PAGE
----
HEALTH

Public transit in New York City to translate for disabled riders with limited English

In this Tuesday, April 5, 2016 photo, Sarah Kaplan, of Lynn, Mass., rides an elevator to board a bus outside her place of work, in Boston. Transit systems in major U.S. cities are required by federal law to provide specialized services for disabled passengers. In Boston, the deficit-laden MBTA is considering ways of reducing service for the disabled and outsourcing more of it to taxis and ride-hailing services like Uber. (AP Photo/Steven Senne)

In this Tuesday, April 5, 2016 photo, Sarah Kaplan, of Lynn, Mass., rides an elevator to board a bus outside her place of work, in Boston. Transit systems in major U.S. cities are required by federal law to provide specialized services for disabled passengers. In Boston, the deficit-laden MBTA is considering ways of reducing service for the disabled and outsourcing more of it to taxis and ride-hailing services like Uber. (AP Photo/Steven Senne)  (Copyright 2016 The Associated Press. All rights reserved. This material may not be published, broadcast, rewritten or redistribu)

A federal judge has preliminarily approved an agreement requiring city transit officials to translate services for disabled riders who speak limited English, a civil rights advocacy group announced Monday.

Josefa Jorge, an emigrant from the Dominican Republic, said in a statement provided by her attorneys with the New York Lawyers for the Public Interest that she felt humiliated when transit employees told her she was supposed to speak English in America.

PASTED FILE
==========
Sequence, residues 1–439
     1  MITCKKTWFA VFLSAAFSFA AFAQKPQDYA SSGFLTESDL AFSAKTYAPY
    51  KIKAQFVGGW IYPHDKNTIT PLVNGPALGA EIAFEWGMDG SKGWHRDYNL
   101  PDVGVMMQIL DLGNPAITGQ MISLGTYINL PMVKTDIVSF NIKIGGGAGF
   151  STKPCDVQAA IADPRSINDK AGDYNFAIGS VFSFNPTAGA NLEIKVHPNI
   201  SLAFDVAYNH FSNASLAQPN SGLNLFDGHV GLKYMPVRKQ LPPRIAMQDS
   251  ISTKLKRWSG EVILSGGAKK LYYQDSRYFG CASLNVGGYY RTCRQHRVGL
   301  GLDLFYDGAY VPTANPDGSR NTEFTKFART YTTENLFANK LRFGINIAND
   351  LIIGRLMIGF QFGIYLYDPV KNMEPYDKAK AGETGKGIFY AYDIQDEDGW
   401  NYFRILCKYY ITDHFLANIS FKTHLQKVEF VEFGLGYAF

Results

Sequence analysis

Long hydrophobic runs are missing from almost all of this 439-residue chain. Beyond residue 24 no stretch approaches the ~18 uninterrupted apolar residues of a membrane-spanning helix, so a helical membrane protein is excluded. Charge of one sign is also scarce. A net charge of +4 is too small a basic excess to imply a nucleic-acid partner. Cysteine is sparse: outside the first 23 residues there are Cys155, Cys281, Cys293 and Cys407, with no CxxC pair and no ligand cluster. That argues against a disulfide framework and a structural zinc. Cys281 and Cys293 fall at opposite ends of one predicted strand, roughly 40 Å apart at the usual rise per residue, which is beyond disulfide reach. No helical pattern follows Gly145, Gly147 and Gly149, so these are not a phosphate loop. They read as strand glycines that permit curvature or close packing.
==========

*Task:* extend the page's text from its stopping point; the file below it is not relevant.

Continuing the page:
"It's satisfying to know that this won't happen to other people in the future," she said.

The lawsuit, brought in December 2014, sought translation services for tens of thousands of people who use the Access-A-Ride program, which provides vans as an alternative to subways and buses for people who qualify.

The deal approved Friday by Judge Ronnie Abrams in Manhattan federal court requires the New York Transit Authority to translate a host of services into various languages and post information about the program in Spanish, Chinese, Russian, French Creole and Korean in Access-A-Ride offices throughout the city.

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Access-A-Ride must also provide real-time translation services in more than 100 languages by phone for riders who need it, according to the stipulation.

The Metropolitan Transportation Authority said it was "fully committed to providing quality paratransit service."

"This settlement enhances measures that were already in place to assist customers with limited-English proficiency by bolstering Access-A-Ride's language interpretation and document translation services," MTA spokesman Kevin Ortiz said in a statement.

The New York Lawyers for the Public Interest will serve as a monitor to make sure transit authorities are providing appropriate language services for the estimated tens of thousands of riders who qualify for the program.

The lawsuit charged that riders missed appointments — even funerals — and couldn't schedule pickups by phone via Access-A-Ride. In less than two weeks, transit officials must post Access-A-Ride services in various languages online, according to the deal.

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